Authenticity on The Wire


Viewing The Wire was one of the more interesting experiences I’ve had with television in a very long time. I’ve become used to the notion that HBO’s original programming reaches a certain standard that makes it better than just good television. I had heard of the series forever but never watched before.

The introduction in the first episode of Season 4, “Boys of Summer” is one of the most jarring moments I have ever experienced on television. First, the moment Snoop enters the screen, it is unclear if the character is male or female. Second, the ease that exists in the conversation between Snoop and the salesman at the hardware store is something that seems like it shouldn’t be happening. We are faced with Snoop, a black woman who speaks with indecipherable, slurred language punctuated with curse words every once in a while, and the white store clerk who, for all intents and purposes, should probably be suspicious of such a person, if only for the way the conversation reveals itself as being about the use of a nail gun as a murder weapon. But the ease in their conversation comes from the perception of both people as common in their passion for power tools. Even when Snoop hands him a very large stack of cash, she urges him, “No, man, you go ahead and handle that for me, man…” The man accepts, even though he knows it’s incorrect of him to proceed that way.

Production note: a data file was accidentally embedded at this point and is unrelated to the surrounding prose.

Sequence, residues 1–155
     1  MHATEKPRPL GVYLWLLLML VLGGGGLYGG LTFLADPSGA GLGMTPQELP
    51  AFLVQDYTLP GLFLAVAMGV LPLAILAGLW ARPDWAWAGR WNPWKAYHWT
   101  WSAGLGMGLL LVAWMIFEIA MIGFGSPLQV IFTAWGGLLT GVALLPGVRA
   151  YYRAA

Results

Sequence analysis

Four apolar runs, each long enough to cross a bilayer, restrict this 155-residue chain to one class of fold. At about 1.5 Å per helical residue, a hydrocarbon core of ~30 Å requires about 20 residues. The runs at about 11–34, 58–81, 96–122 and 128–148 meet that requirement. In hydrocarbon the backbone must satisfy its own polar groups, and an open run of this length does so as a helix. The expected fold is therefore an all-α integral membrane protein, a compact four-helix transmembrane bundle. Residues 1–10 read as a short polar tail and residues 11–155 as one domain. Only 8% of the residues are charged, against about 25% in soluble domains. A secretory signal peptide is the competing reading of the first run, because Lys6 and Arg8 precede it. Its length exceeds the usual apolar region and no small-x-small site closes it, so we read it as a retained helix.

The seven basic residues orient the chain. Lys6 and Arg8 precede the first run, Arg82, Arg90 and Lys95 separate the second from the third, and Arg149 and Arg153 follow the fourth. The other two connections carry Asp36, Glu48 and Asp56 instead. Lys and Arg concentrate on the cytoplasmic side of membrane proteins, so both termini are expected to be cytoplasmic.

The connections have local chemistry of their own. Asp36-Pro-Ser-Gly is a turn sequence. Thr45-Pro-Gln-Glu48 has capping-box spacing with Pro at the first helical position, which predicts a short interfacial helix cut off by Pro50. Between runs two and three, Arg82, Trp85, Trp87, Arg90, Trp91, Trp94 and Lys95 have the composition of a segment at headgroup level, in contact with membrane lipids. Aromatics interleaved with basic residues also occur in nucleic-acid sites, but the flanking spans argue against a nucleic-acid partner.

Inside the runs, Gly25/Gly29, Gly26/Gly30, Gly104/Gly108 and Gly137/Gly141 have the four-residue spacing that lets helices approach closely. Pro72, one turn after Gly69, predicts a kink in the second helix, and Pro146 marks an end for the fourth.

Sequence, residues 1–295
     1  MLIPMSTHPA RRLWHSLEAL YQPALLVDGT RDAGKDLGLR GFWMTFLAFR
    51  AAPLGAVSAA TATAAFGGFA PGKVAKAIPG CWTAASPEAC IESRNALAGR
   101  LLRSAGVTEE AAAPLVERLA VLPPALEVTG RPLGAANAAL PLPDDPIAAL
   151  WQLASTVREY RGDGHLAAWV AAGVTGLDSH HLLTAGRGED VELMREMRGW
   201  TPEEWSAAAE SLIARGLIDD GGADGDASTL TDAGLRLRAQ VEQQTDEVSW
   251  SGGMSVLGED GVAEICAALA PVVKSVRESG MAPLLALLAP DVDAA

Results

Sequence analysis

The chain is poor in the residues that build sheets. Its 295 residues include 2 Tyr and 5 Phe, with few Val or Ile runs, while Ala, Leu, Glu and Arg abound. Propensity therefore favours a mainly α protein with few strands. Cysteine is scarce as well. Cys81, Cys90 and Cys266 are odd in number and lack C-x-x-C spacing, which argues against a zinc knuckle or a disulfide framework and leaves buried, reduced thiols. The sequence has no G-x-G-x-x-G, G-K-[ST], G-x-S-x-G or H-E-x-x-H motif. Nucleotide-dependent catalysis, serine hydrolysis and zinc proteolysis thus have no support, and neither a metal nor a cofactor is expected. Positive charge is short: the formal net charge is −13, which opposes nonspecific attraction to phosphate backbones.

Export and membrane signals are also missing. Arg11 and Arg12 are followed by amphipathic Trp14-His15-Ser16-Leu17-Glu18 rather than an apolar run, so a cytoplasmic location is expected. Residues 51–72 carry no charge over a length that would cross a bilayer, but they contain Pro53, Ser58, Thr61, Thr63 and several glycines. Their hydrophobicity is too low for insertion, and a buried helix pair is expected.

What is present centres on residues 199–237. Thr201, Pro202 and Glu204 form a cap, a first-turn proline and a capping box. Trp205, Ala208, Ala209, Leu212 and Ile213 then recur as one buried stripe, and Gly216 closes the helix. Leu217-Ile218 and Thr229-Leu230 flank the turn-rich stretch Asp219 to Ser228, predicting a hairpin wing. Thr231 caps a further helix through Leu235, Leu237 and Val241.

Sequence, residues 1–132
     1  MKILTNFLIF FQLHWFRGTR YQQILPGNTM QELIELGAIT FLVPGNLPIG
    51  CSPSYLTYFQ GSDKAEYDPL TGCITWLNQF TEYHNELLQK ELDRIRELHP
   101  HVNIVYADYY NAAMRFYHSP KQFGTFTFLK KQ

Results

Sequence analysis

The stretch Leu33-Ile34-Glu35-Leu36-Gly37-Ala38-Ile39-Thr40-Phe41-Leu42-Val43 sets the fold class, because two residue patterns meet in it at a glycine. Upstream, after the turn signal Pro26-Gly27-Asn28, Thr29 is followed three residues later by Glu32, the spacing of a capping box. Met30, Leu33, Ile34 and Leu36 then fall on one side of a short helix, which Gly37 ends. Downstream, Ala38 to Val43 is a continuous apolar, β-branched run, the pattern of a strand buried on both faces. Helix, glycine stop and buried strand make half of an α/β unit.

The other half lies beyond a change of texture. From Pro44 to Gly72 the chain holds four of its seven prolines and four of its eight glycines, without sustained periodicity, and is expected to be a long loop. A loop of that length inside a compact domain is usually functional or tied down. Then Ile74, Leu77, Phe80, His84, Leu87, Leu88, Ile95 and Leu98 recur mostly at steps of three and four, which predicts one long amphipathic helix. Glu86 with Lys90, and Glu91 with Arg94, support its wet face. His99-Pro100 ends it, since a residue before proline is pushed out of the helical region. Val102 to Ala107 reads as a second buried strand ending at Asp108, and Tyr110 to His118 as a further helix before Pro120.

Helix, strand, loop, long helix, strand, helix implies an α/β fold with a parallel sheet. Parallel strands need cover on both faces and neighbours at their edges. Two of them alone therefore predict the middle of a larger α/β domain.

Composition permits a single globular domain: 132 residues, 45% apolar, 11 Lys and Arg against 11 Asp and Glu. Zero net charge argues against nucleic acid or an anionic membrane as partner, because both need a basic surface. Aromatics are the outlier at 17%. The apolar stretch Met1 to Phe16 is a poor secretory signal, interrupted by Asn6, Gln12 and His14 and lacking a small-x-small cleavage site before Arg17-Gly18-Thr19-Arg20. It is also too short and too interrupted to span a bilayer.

I think what makes a moment like this so profound and jarring is how authentic it appears to be. I’ve never encountered a situation like this but that’s because it’s a situation I’m not likely to be either one of the two characters in, at any point in my life. Snoop is such a inaccessible character when we first see her appear on screen and from that point on it doesn’t necessarily get much easier to understand her. The way she speaks is so difficult to understand which, metaphorically and literally, represents the show, I think, in relation to a majority of its audience. In watching The Wire, it’s hard to understand the necessity of getting involved in gangs and drugs if we don’t feel like its our only financially viable option to become involved in those things.

When I listened to an NPR interview with Felicia “Snoop” Pearson, I realized that the actress and the character sound exactly alike and I found out that the character on the show is based off her real life persona (if only slightly). I think this is a perfect example of what makes The Wire such a brilliant show. Even without this information, there is just something about the show that feels inherently authentic, which is an incredible accomplishment.


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